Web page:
I am all for giving recognition where it's due in the games industry. Given that a team can have anywhere from one to a couple of hundred developers, artists, writers, etc. working on a single game, there's a lot of love to be given to people that aren't just the face for a given game. Ask me about people like Leonard Boyarsky, Tim Cain, Corey & Lori Ann Cole, David Gaider, Jennifer Brandes Hepler, and scores of others, and I will gladly talk your ear off on what I believe they've given to the industry. And those? They're still fairly large names, compared to all the people building levels, making sounds, animating our characters, etc.
Which is why I am confused by Metacritic's new feature: giving people in the games industry scores based on the aggregate of the work with which they have been involved. I recently stated that the obsession with Metacritic and its scores is akin to the grades situation in school, particularly with grade inflation, so this move seems one step further in making that analogy, though it still falls short of the mark.
The situation is exacerbated for multiple reasons: the credits it has will apparently be filtered through GameFAQS (the two are under the same umbrella), which has already resulted in people such as Cliff Bleszinski ask for the removal of Geist from his page (the man's never even worked at N-space, so it's hard to fathom how he ended up the Game Designer of that title). This means it is both incomplete, and quite possibly prone to all manner of headaches as regards the accuracy its credits. It seems they would probably have been better off collaborating with MobyGames in some regard.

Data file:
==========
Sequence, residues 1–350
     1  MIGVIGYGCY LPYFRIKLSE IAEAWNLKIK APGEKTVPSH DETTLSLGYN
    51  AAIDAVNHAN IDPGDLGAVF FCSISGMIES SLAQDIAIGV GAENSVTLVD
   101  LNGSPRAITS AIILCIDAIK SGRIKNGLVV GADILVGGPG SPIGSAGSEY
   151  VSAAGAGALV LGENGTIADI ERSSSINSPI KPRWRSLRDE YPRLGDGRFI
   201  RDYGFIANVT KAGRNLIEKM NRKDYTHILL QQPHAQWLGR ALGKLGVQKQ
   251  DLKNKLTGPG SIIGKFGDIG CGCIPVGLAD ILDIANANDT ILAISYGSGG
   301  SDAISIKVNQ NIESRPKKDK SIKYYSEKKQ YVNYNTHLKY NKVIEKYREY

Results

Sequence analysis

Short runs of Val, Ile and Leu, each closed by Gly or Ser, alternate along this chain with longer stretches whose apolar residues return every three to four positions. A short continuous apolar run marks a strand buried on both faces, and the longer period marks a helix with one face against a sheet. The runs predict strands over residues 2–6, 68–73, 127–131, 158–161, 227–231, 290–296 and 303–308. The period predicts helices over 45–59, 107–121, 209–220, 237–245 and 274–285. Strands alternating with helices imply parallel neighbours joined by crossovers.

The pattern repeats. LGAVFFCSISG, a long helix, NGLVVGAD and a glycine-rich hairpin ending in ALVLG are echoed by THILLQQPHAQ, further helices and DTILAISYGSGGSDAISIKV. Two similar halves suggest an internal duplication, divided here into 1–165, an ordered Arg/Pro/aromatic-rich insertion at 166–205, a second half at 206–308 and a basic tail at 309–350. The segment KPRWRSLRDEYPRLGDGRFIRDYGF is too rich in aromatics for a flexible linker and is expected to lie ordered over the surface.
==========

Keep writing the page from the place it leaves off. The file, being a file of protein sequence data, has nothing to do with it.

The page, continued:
Further, there is always the question of teamwork versus an individual's capability. No one wants to be stuck on a team with someone who is a bit of a diva, but if everyone is working together well, and say the level designer has nothing to do with the person in charge of voice direction, do they really deserve the same score? In terms of a game? Sure, it's the a team effort (though I'm still wary of assigning a score). In terms of their individual page? I'm not sure it is an appropriate reflection of an individual's actual capabilities. Furthermore, there is some jumping around in roles, so should there be a page for every hat a particular person wears?
I cannot fathom what purpose this actually serves. Let's just hope it doesn't result in further desire for inflation of scores, or hiring practices based on such.
Let's end on a positive note, however. Name one designer (of levels, sound, writing... anything) of whom you are a fan, and why.
UPDATE: Metacritic will be taking down the scores, but still keeping the credits pages for now. Apparently they want users to be able to find content based on individuals involved in a process.